Technology has been one of the best performing sectors in equity markets over the last 10 years, accounting for a significant portion of broader equity market performance.
This phenomenon has been felt disproportionately in the US and has been backed by a strong relative earnings trend.
The increasing weight of Technology in the US, driven by earnings and upward rerating has been at the forefront of the trend for US equities and has pushed US performance versus the Rest of the World (RoW).
We have gone back to test this phenomenon and to try to understand how much of a role momentum has played. Momentum, at its simplest expression, is the practice of picking winners by buying the winners. In the below-described test, we find that any combination of the largest listed US Tech companies of five years ago would have outperformed the market in the last five years.
We took the largest 10 tech names from the S&P 500 from 5 years ago and used a Monte Carlo simulation (which generates a large number of random results subject to constraints) using 2,000 combinations of weights for the basket (with a 5-15% boundary restriction on individual position size).
The resultant performance distribution is seen below.
The performance of an equal-weighted basket returned 21% per annum over the past five years and 95% of the outcomes sit in a range between 15-25% per annum, on a total return basis. It means that this basket of stocks, in any combination, have effortlessly outperformed the broader US stock market, which returned 13.7% per annum over the same period.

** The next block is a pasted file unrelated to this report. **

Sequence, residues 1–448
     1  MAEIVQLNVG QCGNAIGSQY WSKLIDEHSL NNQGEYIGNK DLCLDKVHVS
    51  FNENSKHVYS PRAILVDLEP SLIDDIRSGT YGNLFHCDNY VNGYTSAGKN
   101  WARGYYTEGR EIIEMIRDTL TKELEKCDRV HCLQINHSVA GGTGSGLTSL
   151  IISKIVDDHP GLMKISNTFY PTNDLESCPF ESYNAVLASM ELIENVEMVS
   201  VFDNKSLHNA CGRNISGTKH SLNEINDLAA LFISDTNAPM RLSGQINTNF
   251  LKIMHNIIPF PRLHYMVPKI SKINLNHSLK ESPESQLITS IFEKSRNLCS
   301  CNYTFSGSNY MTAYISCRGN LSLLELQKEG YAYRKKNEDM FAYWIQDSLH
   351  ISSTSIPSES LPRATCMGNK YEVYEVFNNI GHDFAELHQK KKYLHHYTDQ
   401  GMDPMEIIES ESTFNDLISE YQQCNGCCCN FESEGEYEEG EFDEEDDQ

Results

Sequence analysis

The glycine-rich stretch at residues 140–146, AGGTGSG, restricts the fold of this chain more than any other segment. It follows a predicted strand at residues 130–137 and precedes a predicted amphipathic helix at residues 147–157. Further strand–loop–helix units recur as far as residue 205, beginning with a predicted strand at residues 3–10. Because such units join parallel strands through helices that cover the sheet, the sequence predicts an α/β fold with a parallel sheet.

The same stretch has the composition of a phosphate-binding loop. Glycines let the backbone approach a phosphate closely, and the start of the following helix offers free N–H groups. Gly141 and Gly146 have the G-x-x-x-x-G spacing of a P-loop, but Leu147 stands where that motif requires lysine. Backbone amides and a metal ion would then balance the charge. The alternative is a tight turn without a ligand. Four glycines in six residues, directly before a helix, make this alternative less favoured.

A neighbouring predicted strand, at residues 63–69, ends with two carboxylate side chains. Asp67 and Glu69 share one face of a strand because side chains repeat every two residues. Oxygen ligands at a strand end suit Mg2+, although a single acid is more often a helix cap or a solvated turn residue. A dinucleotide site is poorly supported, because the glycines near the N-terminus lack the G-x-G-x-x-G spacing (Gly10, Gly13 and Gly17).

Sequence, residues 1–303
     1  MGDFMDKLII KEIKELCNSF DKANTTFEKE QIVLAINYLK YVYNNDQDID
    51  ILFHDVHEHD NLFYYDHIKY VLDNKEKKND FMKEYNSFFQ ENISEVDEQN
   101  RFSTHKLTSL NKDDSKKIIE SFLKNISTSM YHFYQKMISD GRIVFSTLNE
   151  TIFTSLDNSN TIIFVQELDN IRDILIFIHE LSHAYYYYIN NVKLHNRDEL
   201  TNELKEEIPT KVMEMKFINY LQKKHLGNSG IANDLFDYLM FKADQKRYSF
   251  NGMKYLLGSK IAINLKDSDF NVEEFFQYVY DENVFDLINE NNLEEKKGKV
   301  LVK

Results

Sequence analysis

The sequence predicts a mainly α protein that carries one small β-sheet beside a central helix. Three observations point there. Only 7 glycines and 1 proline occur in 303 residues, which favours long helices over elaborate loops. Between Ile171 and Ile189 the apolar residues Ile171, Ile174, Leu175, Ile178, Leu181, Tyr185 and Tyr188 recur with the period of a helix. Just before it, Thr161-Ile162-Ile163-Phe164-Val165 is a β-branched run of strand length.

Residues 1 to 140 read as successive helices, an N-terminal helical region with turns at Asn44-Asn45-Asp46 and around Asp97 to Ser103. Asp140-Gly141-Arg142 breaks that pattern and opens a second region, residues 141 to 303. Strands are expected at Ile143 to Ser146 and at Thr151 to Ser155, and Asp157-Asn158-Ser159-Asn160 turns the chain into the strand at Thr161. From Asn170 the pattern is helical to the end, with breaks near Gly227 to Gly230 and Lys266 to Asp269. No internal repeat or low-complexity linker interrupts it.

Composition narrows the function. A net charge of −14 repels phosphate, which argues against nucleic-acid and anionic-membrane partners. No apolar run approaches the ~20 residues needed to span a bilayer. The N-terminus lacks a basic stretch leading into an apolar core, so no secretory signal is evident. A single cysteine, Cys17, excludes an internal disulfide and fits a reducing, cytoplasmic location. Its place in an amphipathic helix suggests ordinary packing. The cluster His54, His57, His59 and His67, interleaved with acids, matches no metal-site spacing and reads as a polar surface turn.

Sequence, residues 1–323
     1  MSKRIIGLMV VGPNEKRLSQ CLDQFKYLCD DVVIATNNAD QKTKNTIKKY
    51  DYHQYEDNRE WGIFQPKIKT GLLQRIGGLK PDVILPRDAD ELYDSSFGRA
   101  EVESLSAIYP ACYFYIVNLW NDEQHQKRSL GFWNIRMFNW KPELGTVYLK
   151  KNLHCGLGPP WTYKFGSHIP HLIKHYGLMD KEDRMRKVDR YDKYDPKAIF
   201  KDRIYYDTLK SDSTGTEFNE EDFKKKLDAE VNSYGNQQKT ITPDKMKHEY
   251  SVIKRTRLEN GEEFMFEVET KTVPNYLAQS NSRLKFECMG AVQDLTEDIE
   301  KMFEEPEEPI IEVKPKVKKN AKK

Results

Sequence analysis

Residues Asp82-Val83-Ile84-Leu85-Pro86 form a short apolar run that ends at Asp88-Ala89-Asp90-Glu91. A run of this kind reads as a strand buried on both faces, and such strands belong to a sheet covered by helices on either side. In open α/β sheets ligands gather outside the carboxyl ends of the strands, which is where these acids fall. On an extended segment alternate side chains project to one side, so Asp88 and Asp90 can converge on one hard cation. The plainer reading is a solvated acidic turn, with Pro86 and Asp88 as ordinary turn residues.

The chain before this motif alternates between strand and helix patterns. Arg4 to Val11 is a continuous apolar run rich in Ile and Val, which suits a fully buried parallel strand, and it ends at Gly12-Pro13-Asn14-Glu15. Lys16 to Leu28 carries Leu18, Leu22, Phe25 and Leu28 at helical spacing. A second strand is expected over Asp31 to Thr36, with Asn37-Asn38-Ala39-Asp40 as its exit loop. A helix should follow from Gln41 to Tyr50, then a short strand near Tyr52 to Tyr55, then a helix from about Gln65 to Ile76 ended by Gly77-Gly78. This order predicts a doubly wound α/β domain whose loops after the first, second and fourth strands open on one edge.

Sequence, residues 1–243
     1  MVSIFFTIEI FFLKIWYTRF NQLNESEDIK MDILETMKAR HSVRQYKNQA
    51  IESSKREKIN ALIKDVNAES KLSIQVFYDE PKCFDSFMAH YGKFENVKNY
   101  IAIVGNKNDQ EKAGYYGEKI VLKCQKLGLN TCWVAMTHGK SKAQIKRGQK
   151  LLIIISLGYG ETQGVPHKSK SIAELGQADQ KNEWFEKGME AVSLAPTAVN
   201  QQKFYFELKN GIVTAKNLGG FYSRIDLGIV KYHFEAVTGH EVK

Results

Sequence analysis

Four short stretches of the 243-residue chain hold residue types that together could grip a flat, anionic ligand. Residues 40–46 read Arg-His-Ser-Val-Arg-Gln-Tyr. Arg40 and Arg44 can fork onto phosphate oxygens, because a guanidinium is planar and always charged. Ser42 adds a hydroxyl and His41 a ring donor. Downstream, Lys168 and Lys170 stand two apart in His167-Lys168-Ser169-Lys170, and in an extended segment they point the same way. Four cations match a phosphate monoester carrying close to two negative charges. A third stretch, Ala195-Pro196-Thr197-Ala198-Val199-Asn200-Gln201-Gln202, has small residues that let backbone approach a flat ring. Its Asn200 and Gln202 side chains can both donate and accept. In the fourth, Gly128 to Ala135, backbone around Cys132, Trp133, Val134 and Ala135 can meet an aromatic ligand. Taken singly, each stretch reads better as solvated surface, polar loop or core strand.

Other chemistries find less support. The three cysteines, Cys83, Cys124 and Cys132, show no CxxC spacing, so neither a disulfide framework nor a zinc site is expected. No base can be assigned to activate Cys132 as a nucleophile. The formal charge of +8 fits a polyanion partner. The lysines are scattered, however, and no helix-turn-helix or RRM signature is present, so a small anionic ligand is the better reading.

This should not come as a surprise, as many of these are companies, in an era where platforms and ecosystems reign supreme, have become larger and more dominant in their respective industries. Component names of the FAANG acronym: Facebook, Amazon, Apple and Google have performed spectacularly well.
However, we note that, more recently, this momentum may have broken down and if so, it would deprive US equities of a large engine of outperformance.
With respect to how we construe Technology investment in the context of our Global Leaders Strategy, we do not take a broad brush approach. There are many sectors in technology and several of them overlap, sometimes in the same companies. The sub-sectors we most favour currently are cloud computing and micro-chips. These sectors are not consumer-facing but integral to the fabric of many sectors, within technology and more widely.
Ownership of Microsoft, Samsung Electronics, ASML, TSMC and Oracle reflect our preference to invest in the “picks and shovels” providers in industries, the clear consequence of their respective industry structures. Non-ownership of Alphabet, Facebook, Netflix rest on many factors; ethical and governance in some cases, with balance sheet and opacity also being relevant factors.